In the wake of the headline-grabbing cyber attack of May 2017, you’ve probably felt at least a little smug as a committed Apple user. It’s known that the WannaCry ransomware at the center of the attack specifically targeted Windows machines, leaving Macs unscathed.
Furthermore, it was Microsoft Windows that made the news all over the UK. This was due to the fact that the attack’s significant impact on the country’s National Health Service was largely caused by many departments continuing to use unsupported copies of Windows XP, as the Guardian writes.
What about Mac viruses?
While it’s fair to say that Apple Macs have never been targeted by hackers as much as Windows machines, complacency is foolish when it comes to cybersecurity. People once thought that Apple users could manage quite safely without running an antivirus, but is this really still a sensible strategy?
In actual fact, mainstream news sources such as Forbes have been reporting on Mac viruses for many years now. Despite the fact that the Unix-based Mac OS does some clever things to prevent against viruses, such as checking files against lists of known malware and running programs in a “sandboxed” way to limit any damage they can do, Macs do still fall victim to infection. If you keep an eye on technical news stories, you probably hear more and more about these infections nowadays too.
So, while Apple’s smaller market share may make producing Mac malware less of a priority to hackers, Macs are, by no means, off their radar. Anti-malware software is, therefore, at least worth serious consideration if you are a Mac user.
Minimising other risks to Macs
Having established that Apple Macs perhaps aren’t quite as safe as they once were, let’s consider what risks exist and how you can mitigate them.
There are three things every Mac user can do make their systems as safe as possible. Thankfully these don’t take too much effort to implement.
1. Install updates promptly
If you’re one of those people who tends to click “ask me tomorrow” whenever you’re prompted to carry out a system update on your Mac, it’s time to change your approach and start installing updates as soon as you see them. Usually, when a big threat to Macs is discovered, Apple is quick to roll out preventative fixes – but this won’t be much use to you if you don’t install them.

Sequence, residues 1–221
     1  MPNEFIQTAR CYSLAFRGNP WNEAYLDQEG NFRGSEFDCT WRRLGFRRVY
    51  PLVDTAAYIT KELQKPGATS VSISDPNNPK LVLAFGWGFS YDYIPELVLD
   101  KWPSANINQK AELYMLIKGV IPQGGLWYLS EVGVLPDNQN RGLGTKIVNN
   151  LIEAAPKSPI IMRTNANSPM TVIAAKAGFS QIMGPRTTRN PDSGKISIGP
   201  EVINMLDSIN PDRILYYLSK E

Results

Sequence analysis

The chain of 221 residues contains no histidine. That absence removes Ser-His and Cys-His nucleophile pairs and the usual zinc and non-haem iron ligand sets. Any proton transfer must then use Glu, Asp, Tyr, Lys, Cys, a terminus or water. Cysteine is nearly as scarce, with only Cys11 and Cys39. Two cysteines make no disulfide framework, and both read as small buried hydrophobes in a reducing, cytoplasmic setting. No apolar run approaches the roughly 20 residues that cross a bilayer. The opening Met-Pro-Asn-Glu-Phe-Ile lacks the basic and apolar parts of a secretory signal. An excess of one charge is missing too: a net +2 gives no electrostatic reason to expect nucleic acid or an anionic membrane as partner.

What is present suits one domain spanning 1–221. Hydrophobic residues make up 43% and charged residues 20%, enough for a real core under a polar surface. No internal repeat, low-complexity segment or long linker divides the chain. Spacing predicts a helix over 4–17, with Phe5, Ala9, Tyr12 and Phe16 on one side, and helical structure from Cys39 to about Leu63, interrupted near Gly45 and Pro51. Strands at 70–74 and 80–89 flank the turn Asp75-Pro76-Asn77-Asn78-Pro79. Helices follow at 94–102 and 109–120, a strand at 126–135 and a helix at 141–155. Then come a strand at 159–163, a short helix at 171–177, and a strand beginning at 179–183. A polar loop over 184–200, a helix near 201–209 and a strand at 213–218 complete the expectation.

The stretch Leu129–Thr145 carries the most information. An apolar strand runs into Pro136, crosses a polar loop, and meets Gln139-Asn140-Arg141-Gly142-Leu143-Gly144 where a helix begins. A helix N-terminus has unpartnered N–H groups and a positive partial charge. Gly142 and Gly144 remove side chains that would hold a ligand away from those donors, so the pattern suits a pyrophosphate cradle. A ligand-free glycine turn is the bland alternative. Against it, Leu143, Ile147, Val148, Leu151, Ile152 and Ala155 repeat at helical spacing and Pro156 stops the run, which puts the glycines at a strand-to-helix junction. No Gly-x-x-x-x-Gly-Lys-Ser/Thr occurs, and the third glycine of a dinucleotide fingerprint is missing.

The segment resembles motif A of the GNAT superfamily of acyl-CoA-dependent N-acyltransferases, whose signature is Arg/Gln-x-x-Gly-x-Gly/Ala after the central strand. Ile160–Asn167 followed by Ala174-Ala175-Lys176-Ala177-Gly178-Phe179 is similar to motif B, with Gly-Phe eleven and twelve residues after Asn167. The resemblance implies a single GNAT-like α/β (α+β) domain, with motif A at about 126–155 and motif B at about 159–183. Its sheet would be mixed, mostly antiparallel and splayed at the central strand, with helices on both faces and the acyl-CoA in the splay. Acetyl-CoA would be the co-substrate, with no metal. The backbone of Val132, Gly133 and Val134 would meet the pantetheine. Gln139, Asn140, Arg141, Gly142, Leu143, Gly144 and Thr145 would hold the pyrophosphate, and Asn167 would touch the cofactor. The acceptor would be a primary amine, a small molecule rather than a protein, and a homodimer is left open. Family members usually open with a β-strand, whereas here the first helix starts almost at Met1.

A patch that protected Windows users from the WannaCry ransomware was made available by Microsoft many weeks before the large-scale cyber attack. Many of those affected could have avoided trouble by installing this patch on time.
2. Choose your applications and services carefully
Most software nowadays has at least some online element – so no matter how secure your Mac is, you’re still at risk if a software vendor isn’t taking good care of security on their end.
In 2016, Verizon revealed that the number one source of data breaches are “Web Application Attacks.” This means hackers are attacking the servers that host customer data. One hopes and assumes that large companies will have systems in place such as a web application firewall to protect against hackers, but can we make the same assumption about smaller software firms?
A web application firewall can protect online systems from all kinds of online security risks, but only if you’re only surfing websites and making online purchases on sites that actually made the necessary investment in one. So, make sure you’re confident in the software you choose, asking about their security if need be. Otherwise, a company’s shortcuts can become your problem.
3. Always remember physical security
Even if you have top-class antivirus and only use the safest of online services, your Mac isn’t safe if someone steals it! Unfortunately, Apple kit is desirable – and a real target for thieves, so the best thing you can do is make sure that if someone does steal your Mac, there’s nothing much they can do with it.
First off, make sure you use FileVault to encrypt your storage drive. This will stop anyone accessing any of your data. Activate Find my Mac as well, to give yourself the best chance of tracking it down. Finally, don’t undermine all of your other security efforts by assigning a weak password to your computer!
Macs are still safer that Windows machines if you look at the statistics. However, they’re neither bullet-proof nor as (relatively) safe as they once were. It’s important to take the necessary steps to protect your data.